SDP Needed For Broadcasters’ Cybersecurity Arsenal
Sinclair Broadcast Group, a diversified media company and a leading provider of local sports and news, was recently hit with a ransomware attack that included stolen data and that led to massive outages. The incident was confirmed in a statement from the company after it found that over a weekend, ransomware had successfully infiltrated its entire IT environment, encrypting its servers and workstations across the board. Ironically, the incident took place during a month set aside for Cybersecurity Awareness, and served as a painful and all too real reminder of the threat that is constantly lurking.
And, as this doesn’t really come as a huge surprise, many IT professionals in television broadcasting and media, as in other industries, are already prioritizing data protection. Gartner Inc. recently predicted that worldwide spending on information security and risk management technology and services is forecast to grow 12.4% to reach $150.4 billion this year. This makes sense, as research from Cybersecurity Ventures has predicted that ransoms could cost victims a total of $265 billion by 2031. This should give TV and other media companies room for pause, as the researchers have forecast that that the ransom price will climb 30% every year for the next 10 years.
The Industry’s Security Perils
Cybersecurity threats are a problem in every field, but television broadcasting and other media industries are particularly vulnerable to data hacks. Even the entertainment behemoths have also found themselves victims of ransomware attacks and unauthorized access of critical business and personal (PII) data.
In addition to the Sinclair event, Cox Media Group, which owns and operates 100-plus news outlets in 20 U.S. media markets, was recently hit with a ransomware attack that interrupted its TV and radio streams across the country. Likewise, interactive livestreaming service Twitch recently confirmed a breach had taken place that reportedly included the theft of source-code and related data, which was later uploaded onto an online forum (including earnings).
If TV and media firms were set up for perfect data protection, then perhaps these types of incidents could be taken in stride as coming with the territory of an industry that works with coveted intellectual property and huge budgets. But as is the case in other industries, many media enterprises are still limping along with outdated security solutions — specifically virtual private networks (VPNs).
VPN Pain Points
The reason for this is historical, as VPNs used to be the best gig in town for security and data access. But in today’s digital environment, VPNs are no longer king, and in fact have been shown through recent research to be unreliable. My company has studied this issue extensively, and we found that 62% of VPN users named “inadequate security” as their biggest problem with this type of solution.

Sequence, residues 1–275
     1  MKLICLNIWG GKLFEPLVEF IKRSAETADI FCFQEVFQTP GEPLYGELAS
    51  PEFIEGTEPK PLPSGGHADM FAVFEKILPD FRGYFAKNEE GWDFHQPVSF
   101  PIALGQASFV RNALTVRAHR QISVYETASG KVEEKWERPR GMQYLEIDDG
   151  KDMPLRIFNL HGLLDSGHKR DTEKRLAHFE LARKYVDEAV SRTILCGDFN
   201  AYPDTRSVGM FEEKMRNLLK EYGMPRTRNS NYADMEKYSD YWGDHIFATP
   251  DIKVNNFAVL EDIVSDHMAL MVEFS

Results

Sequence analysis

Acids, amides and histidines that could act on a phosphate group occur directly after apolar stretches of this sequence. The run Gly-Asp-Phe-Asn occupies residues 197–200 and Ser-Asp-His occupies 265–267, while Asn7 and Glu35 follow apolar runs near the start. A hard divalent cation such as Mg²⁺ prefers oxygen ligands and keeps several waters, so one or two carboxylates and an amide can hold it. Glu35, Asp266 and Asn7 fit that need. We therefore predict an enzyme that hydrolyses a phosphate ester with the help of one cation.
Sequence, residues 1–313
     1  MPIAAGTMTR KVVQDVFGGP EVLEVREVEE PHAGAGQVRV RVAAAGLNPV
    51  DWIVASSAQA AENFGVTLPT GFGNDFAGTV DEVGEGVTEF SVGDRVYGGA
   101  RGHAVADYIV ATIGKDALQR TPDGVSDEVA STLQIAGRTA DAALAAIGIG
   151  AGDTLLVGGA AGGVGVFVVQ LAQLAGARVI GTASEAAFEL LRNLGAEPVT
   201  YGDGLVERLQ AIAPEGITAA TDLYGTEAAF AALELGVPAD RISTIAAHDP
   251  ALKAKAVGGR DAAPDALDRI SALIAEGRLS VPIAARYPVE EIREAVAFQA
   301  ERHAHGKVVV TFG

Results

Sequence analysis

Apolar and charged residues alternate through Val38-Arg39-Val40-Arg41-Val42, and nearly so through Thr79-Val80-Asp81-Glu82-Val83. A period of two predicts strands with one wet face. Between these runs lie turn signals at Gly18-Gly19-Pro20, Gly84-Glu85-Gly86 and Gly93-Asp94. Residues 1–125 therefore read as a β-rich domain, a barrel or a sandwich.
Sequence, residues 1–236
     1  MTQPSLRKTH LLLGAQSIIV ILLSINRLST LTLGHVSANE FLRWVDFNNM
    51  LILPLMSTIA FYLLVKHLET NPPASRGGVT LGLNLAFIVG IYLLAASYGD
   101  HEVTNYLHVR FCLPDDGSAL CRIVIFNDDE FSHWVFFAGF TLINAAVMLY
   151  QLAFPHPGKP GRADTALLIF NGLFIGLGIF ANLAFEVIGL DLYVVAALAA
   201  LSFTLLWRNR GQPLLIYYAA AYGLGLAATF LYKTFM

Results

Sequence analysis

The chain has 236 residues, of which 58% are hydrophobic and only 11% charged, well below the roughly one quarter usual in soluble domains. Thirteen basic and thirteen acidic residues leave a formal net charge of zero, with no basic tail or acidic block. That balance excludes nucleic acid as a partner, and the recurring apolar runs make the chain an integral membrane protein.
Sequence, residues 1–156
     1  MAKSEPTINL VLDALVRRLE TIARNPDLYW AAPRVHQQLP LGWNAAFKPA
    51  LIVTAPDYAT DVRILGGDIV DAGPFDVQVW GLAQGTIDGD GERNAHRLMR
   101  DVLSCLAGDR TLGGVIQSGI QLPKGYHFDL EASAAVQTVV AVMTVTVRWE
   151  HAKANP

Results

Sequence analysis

We even learned that 40% of IT personnel charged with keeping their networks safe from ransomware thought that they had already been victims of ransomware hacks. Additional VPN pain points uncovered by the research were performance, cost, manageability and reliability for disaster recovery — in short, everything important that companies rely on security solutions to do.
Part of the issue with VPNs is that they were never designed to handle the wide variety of technologies used today, including mobile, hybrid cloud and multi-cloud; instead, they were initially designed for on-premise settings. Now that the business environment has changed, VPNs can offer at best only limited effectiveness.
Fighting Fire With Fire: SDP
Savvy IT professionals in TV and media organizations have been turning to a more relevant security solution than outdated VPNs to help them address their needs: software defined perimeter (SDP) solutions. SDP allows the entertainment industry to fight fire-with-fire, so to speak, when it comes to data security and protection, allowing for a defense that’s as innovative and aggressive as the ever-evolving landscape of ransomware threats.
Contrary to VPN design, SDP solutions were engineered specifically for today’s media industry realities. SDP software offers data protection that is virtually impenetrable. It allows users to construct lightweight, discreet, scalable and highly available connections between different types of environments, whether on-premises, remote, edge and/or cloud.
SDP software’s secret weapon is cloaked micro-tunnels, which leverage encryption and public key authentication. Because these tunnels transmit data between the source and target systems’ gateways over UDP, as opposed to the more standard and detectable TCP, it’s nearly impossible to even detect such transmissions. These security measures are especially important ones for the TV and entertainment industry, as they help ensure that there are no “inside jobs” to leak data, as happens frequently with VPN.
The Safest Option
VPN was once ubiquitous, but that doesn’t mean it’s the best choice for data protection in a vulnerable industry. VPNs are hampered by a risky basic architecture for transmitting data over third-party servers, and their best practices for secure, private data transfers leave much to be desired.
SDP solutions avoid such architectural and operational flaws, while instead boosting security in the distributed data landscape that dominates TV and media today. The result is the exact opposite of what’s happening now with VPN: SDP strengthens, rather than compromises, data security, providing more peace of mind and true safety for the entertainment industry.
Don Boxley Jr. is co-founder and CEO of DH2i.